Business Insurance COMMERCIAL

Discover the perfect insurance options to meet your specific and unique needs.

Read More
Auto Insurance AUTO

Auto insurance protects you against financial loss if you have an accident.

Read More
Homeowners Insurance HOME

A standard policy insures the home itself and the things you keep in it.

Read More
Transportation Insurance TRUCKING (Transportation)

Browse a variety of commercial vehicle insurance options to find the right one for you.

Read More


Renting your home—or second home—for a short time can be lucrative. For that reason, online rental services—such as Airbnb, HomeAway, VRBO and FlipKey—constitute a fast-growing industry, giving homeowners additional income for what most people assume is low risk.

On the other hand, a host of problems can accompany renting your property. Those include everything from not understanding the legal ramifications of operating a short-term rental to sustaining damage from careless renters. Here are a few basics.

Know the rules of renting your house
In May 2016, the city of New Orleans listed 317 legal short-term rentals, including traditional hotels. According to a company called “Inside Airbnb,” which tracks data in the sharing economy, 3,621 short-term rentals were active there in the same month.

Many say that the precipitous rise in short-term rentals drives up real estate prices and decreases housing stock, and more cities are instituting new regulations. Since operating illegally leaves you open to risks that are potentially not covered by insurance, make sure you have registered with the city before you list your property.

Fix hazards, look into liability
In one much-covered case, a renter in Texas hopped into a backyard hammock last Thanksgiving and died after the tree holding it up collapsed on his head. Incidents like this raise questions—and anxiety—about the liability for short-term landlords.

If a renter files a lawsuit against you claiming that an injury was due to your negligence, just defending yourself can be prohibitively expensive. Make sure you’ve taken every precaution to make your home safe for renters. Then check with your insurance agent about your coverage in the event of a third-party claim of injury or property damage, and if you’re specifically covered for short-term renters.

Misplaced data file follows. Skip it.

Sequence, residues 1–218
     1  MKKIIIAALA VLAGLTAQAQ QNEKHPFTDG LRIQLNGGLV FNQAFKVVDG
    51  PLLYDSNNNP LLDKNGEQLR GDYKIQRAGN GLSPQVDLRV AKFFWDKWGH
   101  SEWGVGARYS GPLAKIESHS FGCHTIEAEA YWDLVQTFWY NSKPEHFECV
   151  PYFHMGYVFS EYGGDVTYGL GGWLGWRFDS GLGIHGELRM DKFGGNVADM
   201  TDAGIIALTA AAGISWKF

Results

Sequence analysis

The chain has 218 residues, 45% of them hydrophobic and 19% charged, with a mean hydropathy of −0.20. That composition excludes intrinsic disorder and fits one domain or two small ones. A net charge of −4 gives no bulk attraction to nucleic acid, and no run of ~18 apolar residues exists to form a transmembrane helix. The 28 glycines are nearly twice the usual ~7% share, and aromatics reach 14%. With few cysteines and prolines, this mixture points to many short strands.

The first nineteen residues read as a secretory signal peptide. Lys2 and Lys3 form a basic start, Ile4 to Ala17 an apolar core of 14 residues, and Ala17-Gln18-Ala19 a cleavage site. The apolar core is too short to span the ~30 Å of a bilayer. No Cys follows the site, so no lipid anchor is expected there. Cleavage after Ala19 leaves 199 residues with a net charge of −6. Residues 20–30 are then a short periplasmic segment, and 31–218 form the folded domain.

Airbnb has a Host Protection Insurance program that provides primary liability coverage for up to $1 million. But other hosting platforms may not provide liability insurance coverage, recommending instead that you buy short-term rental coverage from third-party insurers.SafelyStay offers insurance and will also screen your renters, verifying their identity and checking their names against fraud and crime databases.

Keep your belongings safe
Most rental platforms give good advice on screening renters, but just as important is securing your property. Artwork, china and silver, valuable furnishings, mementos—any of these could be stolen or damaged by the wrong renter.

Place small valuable items in a bank safe deposit box, move larger valuables to an off-site storage space, and/or keep a locked room onsite to hold the things you don’t want a renter to use. Rental platforms also highly recommend that if you don’t have a locking mailbox, arrange for a neighbor or property manager to pick up your mail, or have the post office hold it while guests are staying. Alternatively, rent a post office box.


Safety equipment
Most rental platforms require a minimum of supplies for guests and furnish a list of their requirements. At minimum for safety, you should maintain functioning smoke detectors, a fire extinguisher, a first-aid kit, and instructions to the air conditioning and heating, as well as the security system.

And in order to avoid confusion, leave a set of “house rules.” These should include whether smoking is allowed (and if so, where), and your rules on parties, loud music and on contacting the neighbors. Provide local emergency numbers and the address and phone number of the nearest hospital.


Declare your rental income
Finally, make sure you consult with an accountant on any federal and state taxes you may have to pay on your rental income. You’ll want to take short-term rental earnings into account when you balance your costs against potential earnings from your property.

Posted 12:00 PM  View Comments

Share |


No Comments


Post a Comment
Name
Required
E-Mail
Required (Not Displayed)
Comment
Required


All comments are moderated and stripped of HTML.
Submission Validation
Required
CAPTCHA
Change the CAPTCHA codeSpeak the CAPTCHA code
 
Enter the Validation Code from above.
NOTICE: This blog and website are made available by the publisher for educational and informational purposes only. It is not be used as a substitute for competent insurance, legal, or tax advice from a licensed professional in your state. By using this blog site you understand that there is no broker client relationship between you and the blog and website publisher.
Blog Archive


View Mobile Version
Facebook
Twitter
LinkedIn
Google+
Blog
AIG
CIGNA
Chubb
Great American
Berkshsire Hathaway Guard
Hanover
The Hartford
Philadelphia Insurance Company
© Copyright. All rights reserved.
Powered by Insurance Website Builder